Deborah Bird Rose, Thom van Dooren, and Matthew Chrulew / Columbia University Press / 256 pages
A recent report published by the National Academy of Sciences warns of impending massive extinctions if corrective response is not initiated very soon–a sober indicator of the pertinence of this new collection of insightful essays.
Extinction Studies: Stories of Time, Death, and Generations is a somewhat eclectic repertory, with each author providing a unique perspective of extinction, examining anthropological, literary, psychological, and moral implications, among others.
James Hatley’s work on ōkami, the extinct Honshu wolf, uses elegant prose to plead for the importance of protecting natural habitats as a key to preventing species extinctions. His essay evokes a haunting melancholy while leading the reader through tasteful haiku verse and the cultural impacts of this animal’s extinction.
Matthew Chrulew’s piece on the golden lion tamarin is less subtle, offering sharp judgments of hard-science wildlife reintroduction projects that deny their beneficiary species a modicum of animal welfare. In this case, tame zoo-born tamarins were released into a challenging Brazilian jungle with hardly any preparation or support. Not surprisingly, there was a very high mortality rate. Chrulew characterized the initiative as “lurching headlong into the wild with its salvific urgency and cutting-edge naivety.”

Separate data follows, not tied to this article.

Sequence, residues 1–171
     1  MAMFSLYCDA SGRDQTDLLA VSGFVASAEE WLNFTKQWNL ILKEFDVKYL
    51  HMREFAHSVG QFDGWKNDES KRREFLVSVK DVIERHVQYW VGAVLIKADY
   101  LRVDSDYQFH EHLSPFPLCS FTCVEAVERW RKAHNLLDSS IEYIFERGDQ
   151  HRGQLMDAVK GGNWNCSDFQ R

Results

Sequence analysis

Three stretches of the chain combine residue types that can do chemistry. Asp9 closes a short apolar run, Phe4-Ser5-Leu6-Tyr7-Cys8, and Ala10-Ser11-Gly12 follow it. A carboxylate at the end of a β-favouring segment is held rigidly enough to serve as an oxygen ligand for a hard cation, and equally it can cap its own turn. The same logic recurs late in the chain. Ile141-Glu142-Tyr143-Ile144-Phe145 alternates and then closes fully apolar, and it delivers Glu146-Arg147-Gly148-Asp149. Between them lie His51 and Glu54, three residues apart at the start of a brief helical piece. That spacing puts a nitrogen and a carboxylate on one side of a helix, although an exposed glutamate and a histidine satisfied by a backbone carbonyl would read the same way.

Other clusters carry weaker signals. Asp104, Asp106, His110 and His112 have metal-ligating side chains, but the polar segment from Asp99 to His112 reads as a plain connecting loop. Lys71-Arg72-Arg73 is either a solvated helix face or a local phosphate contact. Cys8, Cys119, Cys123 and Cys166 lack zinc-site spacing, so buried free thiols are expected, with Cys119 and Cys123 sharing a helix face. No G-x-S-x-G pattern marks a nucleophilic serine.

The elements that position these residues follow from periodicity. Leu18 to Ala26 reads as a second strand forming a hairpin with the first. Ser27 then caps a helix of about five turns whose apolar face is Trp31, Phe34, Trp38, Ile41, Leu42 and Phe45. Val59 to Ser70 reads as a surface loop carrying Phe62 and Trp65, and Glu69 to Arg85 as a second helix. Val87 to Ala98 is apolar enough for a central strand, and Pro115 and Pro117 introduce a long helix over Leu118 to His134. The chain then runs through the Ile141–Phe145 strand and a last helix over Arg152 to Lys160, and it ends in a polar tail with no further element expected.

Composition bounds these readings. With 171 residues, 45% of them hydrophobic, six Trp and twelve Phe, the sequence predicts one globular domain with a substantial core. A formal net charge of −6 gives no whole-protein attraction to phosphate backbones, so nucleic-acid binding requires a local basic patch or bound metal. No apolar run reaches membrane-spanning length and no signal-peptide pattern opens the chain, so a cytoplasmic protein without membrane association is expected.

Chrulew posits that life in the wild is much more than the mere passage of DNA from one generation to the next. Rather, wild animal communities are repositories of skills, knowledge, and customs that are passed from one generation to the next and that “this cultural transmission is interrupted in crucial ways in captivity.”
As Thom Van Dooren’s essay on the extermination of Hawaii’s spectral crows argues, life is a matrix of biocultural inheritances. We are part of a “co-becoming” in which genes and ideas, culture and language, are all part of a rich inheritance. From this perspective, the extinction of a species is much more than the permanent loss of a particular arrangement of DNA.
With mathematical precision, he recites the numbers: There were 113 species of birds known to have lived exclusively in Hawaii when humans first arrived on those islands. Today, only 42 survive. Of those, 31 are now under the protection of the Endangered Species Act because they are at risk of extinction. Only 11 of 113 are not endangered or extinct. Nevertheless, there is still a vocal and influential group that resists setting aside about 20 percent of a forest area for these birds because it would interfere with their “tradition” of hunting feral pigs.
If there are callous people who are indifferent to this developing catastrophe, there are also many others who are engaged, and participate in efforts to protect these animals from extinction. Deborah Bird Rose, in her essay, interviewed volunteers who protect monk seals. She asked them why they volunteered. But those volunteers commonly declined to justify their efforts, or responded simply “because I can.” Rose surmises then that protecting endangered animals is a sentiment that flows from deep within the human psyche. It is motivated by much more than simple rationality.
And perhaps that is the hope for averting the impending mass extinction.